Anyway, feed will stay high as
long as wheat stnvs up In a bal
loon. The only thing we can
guarantee you Is that UMPQUA
FEEDS of all kinds will still he
lowest In price, quality consid
ered, and highest In quality re
gardless of price.
What we
need most
is a
Most housewives find the best
cleaning aid It the old man on
hit day off.
Formula Given
For Removal Of
Cherry Stains
Here's how to remove that
pesky fresh cherry stain from
vour shirt front.
Do not wait until you've had
your fill of cherries, but get at
the business oi stain removal im
mediately, Miss Lucy Lane,
O. S. C. extension clothing and
textiles specialist, implores. Dry
cherry stains are much more dif-
licult to remove man iresn ones.
First action on either white or
colored cotton, wool or silk is to
sponge the fresh stain with cool
water, men worn glycerine or a
soapless shampoo into the stain.
After letting the garment stand
for several hours, apply a few
drops of vinegar. Let it stand for
a minute or two oeiore rinsing
thoroughly in water.
If some of the stain still lingers,
Miss Lane suggests sponging it
with 20 V peroxide. Ana, sne
adds, this is not the medical va
riety. As an aaaea precaution,
before using the peroxide which
has a bleaching action, try It on
an inconspicuous Inside garment
seam to make sure the color is
fast, the clothing specialist adds.
Follow the peroxide with a
thorough cold water rinse.
Twenty V peroxide is not harm
ful to silks, wools, rayons or ny
lons If it is rinsed out of the gar
ment immediately followlnguse
with cold water, Miss Lane 'con
all types of loans available
through the Farmers Home Ad
ministration. Supervised credit,
the state director emphasizes. Is
well suited to meet needs of young
couples with limited capital and
experience who wish to get estab
lished in farming.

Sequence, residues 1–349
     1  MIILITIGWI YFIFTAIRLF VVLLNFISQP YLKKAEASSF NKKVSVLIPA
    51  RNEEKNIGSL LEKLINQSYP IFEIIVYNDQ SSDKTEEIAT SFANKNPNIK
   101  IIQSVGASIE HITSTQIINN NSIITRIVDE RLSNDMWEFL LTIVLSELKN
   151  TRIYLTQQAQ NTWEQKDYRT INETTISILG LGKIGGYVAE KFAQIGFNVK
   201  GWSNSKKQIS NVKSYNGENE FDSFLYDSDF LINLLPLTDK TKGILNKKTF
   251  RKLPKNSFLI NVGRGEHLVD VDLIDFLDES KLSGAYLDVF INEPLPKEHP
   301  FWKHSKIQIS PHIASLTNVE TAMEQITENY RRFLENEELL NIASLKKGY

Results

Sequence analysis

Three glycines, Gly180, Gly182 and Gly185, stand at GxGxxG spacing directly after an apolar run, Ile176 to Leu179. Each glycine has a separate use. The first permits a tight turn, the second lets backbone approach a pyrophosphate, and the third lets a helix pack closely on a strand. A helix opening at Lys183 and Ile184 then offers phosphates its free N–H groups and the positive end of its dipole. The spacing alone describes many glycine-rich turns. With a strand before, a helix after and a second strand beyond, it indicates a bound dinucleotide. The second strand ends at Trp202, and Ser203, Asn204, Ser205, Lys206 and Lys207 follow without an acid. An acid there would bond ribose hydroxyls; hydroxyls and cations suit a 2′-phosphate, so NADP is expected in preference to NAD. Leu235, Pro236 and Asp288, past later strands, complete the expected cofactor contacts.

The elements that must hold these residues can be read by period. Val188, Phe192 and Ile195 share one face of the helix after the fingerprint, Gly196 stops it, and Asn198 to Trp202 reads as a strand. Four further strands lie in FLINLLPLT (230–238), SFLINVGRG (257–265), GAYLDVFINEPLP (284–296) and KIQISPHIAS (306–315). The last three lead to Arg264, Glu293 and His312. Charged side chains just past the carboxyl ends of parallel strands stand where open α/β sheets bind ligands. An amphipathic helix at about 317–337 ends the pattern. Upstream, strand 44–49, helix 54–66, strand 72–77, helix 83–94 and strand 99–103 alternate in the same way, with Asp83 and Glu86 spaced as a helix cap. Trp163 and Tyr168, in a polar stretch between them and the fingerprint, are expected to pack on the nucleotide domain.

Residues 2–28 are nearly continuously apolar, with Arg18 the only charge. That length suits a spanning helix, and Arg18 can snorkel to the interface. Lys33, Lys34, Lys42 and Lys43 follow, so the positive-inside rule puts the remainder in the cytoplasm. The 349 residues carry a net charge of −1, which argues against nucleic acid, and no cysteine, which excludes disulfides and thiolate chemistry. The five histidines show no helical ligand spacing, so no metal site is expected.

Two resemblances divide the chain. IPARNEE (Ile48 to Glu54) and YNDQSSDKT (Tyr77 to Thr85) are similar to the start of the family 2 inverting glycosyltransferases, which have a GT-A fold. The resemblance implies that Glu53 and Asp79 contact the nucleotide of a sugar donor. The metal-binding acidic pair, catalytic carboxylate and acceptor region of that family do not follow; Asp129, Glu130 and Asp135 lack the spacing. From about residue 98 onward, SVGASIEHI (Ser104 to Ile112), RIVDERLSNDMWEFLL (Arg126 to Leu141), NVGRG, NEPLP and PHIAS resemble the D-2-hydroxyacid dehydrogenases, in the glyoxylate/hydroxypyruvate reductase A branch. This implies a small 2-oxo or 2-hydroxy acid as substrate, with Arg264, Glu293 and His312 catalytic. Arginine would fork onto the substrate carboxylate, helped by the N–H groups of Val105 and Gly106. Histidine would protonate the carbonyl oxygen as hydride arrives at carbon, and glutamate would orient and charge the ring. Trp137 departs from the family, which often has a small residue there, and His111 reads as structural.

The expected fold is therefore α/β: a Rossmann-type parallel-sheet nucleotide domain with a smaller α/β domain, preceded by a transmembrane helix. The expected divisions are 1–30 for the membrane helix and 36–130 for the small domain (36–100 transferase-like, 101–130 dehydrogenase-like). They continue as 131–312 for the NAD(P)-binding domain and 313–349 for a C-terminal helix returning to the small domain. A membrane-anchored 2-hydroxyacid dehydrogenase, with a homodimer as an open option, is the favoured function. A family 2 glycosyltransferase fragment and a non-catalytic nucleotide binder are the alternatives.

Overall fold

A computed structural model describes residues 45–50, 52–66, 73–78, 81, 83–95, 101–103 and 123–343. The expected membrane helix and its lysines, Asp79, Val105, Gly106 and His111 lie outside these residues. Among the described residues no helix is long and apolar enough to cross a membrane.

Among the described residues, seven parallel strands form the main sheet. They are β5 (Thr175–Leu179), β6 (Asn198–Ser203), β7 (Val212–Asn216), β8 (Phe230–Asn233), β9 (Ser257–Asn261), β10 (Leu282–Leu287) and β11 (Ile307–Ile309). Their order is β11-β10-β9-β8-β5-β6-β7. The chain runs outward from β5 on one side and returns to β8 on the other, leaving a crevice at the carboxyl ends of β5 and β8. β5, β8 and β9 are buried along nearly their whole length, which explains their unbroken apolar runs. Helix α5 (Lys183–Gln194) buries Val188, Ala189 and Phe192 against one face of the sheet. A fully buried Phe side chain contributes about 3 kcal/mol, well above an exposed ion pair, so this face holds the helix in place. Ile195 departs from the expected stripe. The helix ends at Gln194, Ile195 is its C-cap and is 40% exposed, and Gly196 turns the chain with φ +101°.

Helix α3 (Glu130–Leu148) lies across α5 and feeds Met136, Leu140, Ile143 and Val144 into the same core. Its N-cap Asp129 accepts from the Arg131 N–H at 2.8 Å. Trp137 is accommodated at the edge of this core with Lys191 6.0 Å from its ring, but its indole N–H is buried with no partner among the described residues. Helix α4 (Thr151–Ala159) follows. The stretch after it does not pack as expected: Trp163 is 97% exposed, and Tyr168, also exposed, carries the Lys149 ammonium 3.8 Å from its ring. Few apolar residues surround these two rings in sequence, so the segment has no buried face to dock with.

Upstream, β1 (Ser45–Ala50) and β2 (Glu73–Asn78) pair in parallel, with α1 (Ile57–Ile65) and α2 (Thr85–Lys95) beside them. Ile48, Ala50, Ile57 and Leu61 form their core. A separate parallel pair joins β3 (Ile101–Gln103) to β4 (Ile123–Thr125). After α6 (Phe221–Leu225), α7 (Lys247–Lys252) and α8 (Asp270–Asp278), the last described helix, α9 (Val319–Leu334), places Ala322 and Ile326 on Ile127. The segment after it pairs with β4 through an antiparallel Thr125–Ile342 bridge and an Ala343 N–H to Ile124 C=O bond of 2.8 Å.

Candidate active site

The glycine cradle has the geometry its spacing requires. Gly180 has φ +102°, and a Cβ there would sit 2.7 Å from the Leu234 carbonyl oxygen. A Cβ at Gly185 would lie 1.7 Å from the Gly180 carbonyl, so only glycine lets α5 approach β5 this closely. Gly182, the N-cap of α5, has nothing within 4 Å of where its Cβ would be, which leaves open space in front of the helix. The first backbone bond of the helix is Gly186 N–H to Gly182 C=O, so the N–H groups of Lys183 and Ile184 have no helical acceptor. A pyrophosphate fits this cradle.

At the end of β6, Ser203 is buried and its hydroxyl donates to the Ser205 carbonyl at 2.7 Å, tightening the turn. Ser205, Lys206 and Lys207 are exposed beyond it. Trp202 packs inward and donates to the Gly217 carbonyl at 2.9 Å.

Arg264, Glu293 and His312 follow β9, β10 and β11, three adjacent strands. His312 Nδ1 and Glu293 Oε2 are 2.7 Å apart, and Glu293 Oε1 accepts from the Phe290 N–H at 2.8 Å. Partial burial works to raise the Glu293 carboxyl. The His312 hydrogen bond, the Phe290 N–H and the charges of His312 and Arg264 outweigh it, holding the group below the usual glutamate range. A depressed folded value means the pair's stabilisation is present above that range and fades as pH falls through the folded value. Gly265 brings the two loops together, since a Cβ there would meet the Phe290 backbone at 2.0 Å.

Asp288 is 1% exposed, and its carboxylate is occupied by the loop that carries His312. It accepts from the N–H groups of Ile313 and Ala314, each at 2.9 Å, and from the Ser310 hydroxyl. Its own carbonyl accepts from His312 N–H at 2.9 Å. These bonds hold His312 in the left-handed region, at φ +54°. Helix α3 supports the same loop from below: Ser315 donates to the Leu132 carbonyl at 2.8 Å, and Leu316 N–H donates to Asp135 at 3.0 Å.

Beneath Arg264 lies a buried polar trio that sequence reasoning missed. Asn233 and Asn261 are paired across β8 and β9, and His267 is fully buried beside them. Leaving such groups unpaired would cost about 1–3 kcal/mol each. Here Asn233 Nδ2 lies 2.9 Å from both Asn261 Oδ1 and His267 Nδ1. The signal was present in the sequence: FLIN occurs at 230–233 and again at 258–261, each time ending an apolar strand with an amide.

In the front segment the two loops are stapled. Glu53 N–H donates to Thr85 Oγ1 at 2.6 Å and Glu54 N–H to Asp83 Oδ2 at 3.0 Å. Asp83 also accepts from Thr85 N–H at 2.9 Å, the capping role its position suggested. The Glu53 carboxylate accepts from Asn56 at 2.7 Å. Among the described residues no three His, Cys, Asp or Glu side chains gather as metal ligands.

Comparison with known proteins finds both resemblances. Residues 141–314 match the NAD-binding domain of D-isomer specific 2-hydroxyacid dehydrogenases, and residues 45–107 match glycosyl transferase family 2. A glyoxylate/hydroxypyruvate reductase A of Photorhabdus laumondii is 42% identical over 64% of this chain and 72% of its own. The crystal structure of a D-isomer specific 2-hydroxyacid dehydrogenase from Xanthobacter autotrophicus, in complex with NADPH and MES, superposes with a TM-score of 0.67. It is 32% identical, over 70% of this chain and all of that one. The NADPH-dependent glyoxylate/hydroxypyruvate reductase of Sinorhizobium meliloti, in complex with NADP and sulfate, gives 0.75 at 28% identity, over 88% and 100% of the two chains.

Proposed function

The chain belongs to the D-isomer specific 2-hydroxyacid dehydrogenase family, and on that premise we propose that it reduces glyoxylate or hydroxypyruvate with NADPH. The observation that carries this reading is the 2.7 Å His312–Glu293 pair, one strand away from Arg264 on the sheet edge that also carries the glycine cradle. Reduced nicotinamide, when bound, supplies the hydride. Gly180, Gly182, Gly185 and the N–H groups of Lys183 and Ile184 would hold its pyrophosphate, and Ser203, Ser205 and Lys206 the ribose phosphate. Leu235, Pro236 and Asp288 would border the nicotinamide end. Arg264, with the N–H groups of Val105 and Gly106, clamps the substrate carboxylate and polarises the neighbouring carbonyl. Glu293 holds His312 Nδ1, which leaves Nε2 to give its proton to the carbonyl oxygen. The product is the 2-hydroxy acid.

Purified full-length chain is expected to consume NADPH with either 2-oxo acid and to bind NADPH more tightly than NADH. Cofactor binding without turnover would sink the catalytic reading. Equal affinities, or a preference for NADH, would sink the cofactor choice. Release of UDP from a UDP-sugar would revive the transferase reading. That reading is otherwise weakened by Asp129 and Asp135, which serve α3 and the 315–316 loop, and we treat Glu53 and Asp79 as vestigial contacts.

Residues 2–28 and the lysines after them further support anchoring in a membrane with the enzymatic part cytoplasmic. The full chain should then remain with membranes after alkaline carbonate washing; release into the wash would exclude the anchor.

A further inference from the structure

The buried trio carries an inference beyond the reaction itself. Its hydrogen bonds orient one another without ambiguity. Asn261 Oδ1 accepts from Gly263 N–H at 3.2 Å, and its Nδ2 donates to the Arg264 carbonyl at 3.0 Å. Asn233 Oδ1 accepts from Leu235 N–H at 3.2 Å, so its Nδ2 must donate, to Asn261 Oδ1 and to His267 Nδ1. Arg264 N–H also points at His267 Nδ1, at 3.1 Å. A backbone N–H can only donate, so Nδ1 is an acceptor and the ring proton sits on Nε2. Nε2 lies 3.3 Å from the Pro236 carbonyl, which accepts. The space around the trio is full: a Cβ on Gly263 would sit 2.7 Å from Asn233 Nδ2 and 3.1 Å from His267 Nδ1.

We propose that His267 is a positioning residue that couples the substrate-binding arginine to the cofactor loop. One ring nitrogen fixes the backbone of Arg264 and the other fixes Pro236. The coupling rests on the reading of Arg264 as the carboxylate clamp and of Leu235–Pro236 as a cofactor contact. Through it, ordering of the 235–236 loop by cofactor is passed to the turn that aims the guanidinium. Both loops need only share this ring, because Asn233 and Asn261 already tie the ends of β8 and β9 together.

Only farmers who are unable to
secure credit at reasonable rates
from other sources are eligible to
secure supervised credit from the
Farmers Home Administration, It
is pointed out. ,
Duffy slates that the Insured
mortgage program put into effect
in 1947 has made it possible for
banks, Insurance companies and
individuals to cooperate with the
government in a program of de
veloping and Improving local com
munities. Loans made through the
Insured mortgage plan are serv
iced by FHA fieldmen and repay
ments to the lender guaranteed
by the government.
Ninety thousand dollars was
loaned to Oregon farmers whose
property was damaged or destroy
ed by the 1948 Columbia River
flood, Duffy concludes.
June 27, 1949.
Compare Prices.
Competition Is getting keener
In every line. But we get a
price list occasionally showing
the range of prices for feeds in
other places where they don't
apparently have to compete with
the Douglas County Flour Mill.
Some of these price lists make
us wonder if we are quite all
there. We have seen them so
much higher than UMPQUA
FEED prices that even when 5
to 10 rebate is figured, UMP
QUA prices are still sharply
If you are buying your feed
from the Flour Mill, you don't
need to look. But If you aren't,
It will probably be a good idea
to do a little comparing. After
all, turkeys may not be such a
big price, and many other items
may come down, even if wheat
stays up.
Doc: Your husband must have
perfect quiet. Here is a sleeping
Wife: When shall I give It to
Doc: You don't. You take It
Walter: This coffee came all
the way from Brazil!
Customer: You don't sayl Why
it's still lukewarm!
Dry Pastures.
When pastures dry up It
means you will have to make
some little changes to keep
things moving proper. For In
stance, Old Bossy can't give as
mucn milk, as much butterfat.
nor give It as willingly on dry
grass as on lush pastures.
you can Keep a contented cow
with a good bait of UMPQUA
Another thing that will nay
Is to present the turkey flock
with a little succulence. If you
don't have corn fields or Irrigat
ed legumes why not give the
turx a feed of alfalfa and mo
lasses every day. They relish It
greatly. It Is rich In vitamins,
gives them a little hulk and Is
reasonable In price, Many folks
are giving the tame thing to
cows also.
And let in remind vou again
-all UMPQUA FEEDS (and we
have a feed for everything), are
sold on a money-back guarantee
of complete satisfaction. No
wonder so many Douglas Coun
ty people buv their feed at the
Douglas Flour Mill.
Y IM All MV ir VOUR FATHER WENT lljXjc?3f. WBk
f jlN ALL MY '11 DOWK) TO LICK that W&2
liks' T. M. SEO.'U. . PAT. OFF.
Ample Food Calls
Farmers, Federal
"We can't have more people
eating more food if a third of the
farmers go broke every few years.
We live better when farmers are